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Stevie Wonder Made the Most Important Announcement at the 2016 Grammys

stevie wonder

So, I did not watch the Grammys last night (because I don’t have cable and also because it makes me feel too old when I don’t recognize 95% of the musical acts nominated). But thanks to the internet, I did happen to catch one of the most touching moments from the broadcast, featuring the one and only Stevie Wonder.

After performing a beautiful tribute to Maurice White–the late founder of Earth, Wind & Fire–Wonder went on to announce the winner of Song of the Year, joined by the band Pentatonix. First he taunted his fellow presenters about not being able to read braille, which, come on, is pretty great.

But then he got serious, making a short but impassioned plea that gets right to the heart of what inclusion is all about: “I just want to say, before saying the winner, that we need to make every single thing accessible to every single person with a disability.”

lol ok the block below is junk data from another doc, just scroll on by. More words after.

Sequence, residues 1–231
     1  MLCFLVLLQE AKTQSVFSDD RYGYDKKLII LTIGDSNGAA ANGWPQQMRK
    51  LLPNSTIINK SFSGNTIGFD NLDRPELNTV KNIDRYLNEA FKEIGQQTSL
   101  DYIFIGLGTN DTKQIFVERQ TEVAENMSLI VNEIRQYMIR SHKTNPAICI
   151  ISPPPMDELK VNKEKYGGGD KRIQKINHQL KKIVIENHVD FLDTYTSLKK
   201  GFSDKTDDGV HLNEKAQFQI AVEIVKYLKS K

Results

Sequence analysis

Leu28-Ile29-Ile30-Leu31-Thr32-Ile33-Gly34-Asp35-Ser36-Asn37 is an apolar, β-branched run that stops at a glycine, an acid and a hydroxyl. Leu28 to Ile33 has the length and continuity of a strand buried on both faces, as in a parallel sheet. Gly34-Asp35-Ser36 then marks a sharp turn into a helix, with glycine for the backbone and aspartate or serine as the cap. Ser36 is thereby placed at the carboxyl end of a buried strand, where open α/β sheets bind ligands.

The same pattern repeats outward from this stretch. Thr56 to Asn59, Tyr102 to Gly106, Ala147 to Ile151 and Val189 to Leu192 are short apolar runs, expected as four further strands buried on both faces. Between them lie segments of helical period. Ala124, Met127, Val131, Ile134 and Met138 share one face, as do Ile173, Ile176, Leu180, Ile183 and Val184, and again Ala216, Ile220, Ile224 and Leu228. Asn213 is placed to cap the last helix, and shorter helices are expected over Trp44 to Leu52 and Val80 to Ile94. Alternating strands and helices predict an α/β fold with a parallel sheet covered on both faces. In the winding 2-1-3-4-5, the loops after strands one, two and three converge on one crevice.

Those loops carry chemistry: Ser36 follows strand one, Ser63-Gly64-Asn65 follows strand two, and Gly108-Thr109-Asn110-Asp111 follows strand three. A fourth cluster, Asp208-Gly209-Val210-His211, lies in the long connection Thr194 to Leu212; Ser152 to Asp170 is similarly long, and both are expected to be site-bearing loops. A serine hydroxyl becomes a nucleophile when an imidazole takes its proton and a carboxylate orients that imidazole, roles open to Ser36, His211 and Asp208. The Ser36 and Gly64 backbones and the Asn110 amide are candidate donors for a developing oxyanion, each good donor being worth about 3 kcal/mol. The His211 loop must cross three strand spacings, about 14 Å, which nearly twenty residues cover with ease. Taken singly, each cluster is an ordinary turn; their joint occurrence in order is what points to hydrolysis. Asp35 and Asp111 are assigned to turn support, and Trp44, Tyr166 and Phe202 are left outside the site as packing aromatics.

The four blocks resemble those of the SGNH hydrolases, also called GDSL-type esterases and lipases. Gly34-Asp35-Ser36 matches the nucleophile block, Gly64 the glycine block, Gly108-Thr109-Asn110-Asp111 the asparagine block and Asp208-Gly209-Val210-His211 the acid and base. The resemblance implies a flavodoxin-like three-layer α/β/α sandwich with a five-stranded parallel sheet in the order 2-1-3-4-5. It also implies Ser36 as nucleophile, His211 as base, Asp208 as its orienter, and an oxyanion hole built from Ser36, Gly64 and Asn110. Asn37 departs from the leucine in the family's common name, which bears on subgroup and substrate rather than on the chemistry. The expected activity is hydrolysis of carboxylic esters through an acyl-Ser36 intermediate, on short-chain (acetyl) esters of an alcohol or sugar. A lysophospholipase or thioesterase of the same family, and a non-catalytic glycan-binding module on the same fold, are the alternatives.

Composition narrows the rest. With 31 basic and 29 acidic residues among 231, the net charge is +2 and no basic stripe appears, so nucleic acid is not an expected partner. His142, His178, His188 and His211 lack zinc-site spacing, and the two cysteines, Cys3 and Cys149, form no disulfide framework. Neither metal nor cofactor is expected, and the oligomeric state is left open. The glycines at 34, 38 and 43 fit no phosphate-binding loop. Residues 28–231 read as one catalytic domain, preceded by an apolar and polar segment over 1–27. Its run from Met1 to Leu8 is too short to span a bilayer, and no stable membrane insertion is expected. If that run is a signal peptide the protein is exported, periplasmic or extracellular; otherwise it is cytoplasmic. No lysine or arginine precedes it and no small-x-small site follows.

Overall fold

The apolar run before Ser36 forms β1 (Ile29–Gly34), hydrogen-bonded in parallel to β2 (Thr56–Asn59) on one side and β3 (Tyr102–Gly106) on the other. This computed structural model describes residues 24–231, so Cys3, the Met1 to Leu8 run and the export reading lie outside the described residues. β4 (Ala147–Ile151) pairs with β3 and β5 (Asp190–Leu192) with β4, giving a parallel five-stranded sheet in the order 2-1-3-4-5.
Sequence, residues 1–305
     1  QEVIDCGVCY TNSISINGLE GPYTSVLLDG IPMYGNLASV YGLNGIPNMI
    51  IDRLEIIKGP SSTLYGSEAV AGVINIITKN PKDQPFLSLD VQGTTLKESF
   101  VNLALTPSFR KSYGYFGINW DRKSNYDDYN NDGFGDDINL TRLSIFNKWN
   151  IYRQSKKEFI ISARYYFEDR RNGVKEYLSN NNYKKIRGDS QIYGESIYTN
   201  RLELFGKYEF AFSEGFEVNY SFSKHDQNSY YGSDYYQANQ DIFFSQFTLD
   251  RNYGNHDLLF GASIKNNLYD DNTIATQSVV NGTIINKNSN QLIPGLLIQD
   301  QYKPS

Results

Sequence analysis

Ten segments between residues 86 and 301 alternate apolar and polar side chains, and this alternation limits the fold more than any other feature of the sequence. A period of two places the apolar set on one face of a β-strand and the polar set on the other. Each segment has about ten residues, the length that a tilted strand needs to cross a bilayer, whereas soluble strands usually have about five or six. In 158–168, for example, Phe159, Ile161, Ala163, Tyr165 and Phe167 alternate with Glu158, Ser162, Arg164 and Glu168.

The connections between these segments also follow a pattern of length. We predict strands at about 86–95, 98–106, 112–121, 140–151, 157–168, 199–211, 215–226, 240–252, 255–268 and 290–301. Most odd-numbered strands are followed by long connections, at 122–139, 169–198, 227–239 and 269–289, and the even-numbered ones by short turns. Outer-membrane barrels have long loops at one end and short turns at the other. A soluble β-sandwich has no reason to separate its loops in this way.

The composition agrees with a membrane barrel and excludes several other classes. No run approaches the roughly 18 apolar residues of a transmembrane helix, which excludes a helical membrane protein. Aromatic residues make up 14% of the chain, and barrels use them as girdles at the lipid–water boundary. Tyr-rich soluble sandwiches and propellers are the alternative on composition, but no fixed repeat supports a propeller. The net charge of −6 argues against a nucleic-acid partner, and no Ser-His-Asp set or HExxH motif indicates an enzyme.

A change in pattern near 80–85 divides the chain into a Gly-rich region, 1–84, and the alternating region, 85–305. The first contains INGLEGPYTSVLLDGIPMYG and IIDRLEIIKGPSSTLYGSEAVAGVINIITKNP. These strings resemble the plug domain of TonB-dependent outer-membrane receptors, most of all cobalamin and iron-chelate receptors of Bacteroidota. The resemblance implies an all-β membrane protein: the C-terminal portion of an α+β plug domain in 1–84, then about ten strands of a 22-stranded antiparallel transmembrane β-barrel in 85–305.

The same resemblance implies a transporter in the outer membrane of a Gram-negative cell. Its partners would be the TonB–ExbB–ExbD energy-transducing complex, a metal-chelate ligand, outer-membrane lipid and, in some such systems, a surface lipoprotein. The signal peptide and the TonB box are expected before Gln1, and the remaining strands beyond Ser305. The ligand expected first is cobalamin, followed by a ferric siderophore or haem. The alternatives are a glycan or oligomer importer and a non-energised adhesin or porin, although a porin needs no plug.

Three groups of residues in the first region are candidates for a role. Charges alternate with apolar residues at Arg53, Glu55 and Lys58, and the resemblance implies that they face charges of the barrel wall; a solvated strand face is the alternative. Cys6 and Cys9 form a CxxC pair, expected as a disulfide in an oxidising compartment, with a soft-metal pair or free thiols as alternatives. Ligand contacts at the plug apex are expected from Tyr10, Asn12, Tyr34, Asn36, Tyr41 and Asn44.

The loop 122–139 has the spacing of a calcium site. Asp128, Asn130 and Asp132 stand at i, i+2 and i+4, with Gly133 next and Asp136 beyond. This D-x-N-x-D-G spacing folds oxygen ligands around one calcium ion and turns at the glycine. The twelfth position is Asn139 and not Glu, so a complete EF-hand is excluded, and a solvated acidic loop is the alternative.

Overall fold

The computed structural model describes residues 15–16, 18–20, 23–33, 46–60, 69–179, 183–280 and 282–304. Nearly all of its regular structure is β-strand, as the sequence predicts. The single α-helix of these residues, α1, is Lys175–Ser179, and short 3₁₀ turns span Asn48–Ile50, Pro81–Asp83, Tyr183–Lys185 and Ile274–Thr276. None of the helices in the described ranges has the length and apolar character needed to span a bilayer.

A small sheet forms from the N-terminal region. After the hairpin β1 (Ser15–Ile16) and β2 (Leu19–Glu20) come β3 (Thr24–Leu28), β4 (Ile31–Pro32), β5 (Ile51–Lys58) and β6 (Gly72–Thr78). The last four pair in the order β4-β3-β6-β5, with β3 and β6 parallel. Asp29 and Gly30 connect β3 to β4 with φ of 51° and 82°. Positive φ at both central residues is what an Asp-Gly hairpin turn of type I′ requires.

Of course, the topic of disabilities hits close to home for Wonder, who became blind shortly after his birth (though that didn’t stop him from winning 22 Grammy awards himself). And the good news is that disability inclusion does seem to be growing more and more prominent in our society. From a new line of dolls with disabilities to companies like Target featuring children with disabilities as models in their advertisements, the move to go beyond merely tolerating, but normalizing and including all people with disabilities, is definitely underfoot.

Still, the power of celebrity is, well, powerful, and having a musician as prominent at Stevie Wonder going out of his way to speak up during a major award show will hopefully wake everybody up to the fact that disability inclusion is absolutely necessary.

And for the record, Song of the Year went to Ed Sheeran for “Thinking Out Loud,” which, no, I’ve never heard. Oy.


Read More:

Should a Baby Be Taken Away Because of His Parent’s Disability?

For Both My Sons with Disabilities, Planning a Bar Mitzvah Was No Easy Feat

10 Things I’ve Learned From Having an Older Child with Disabilities


 

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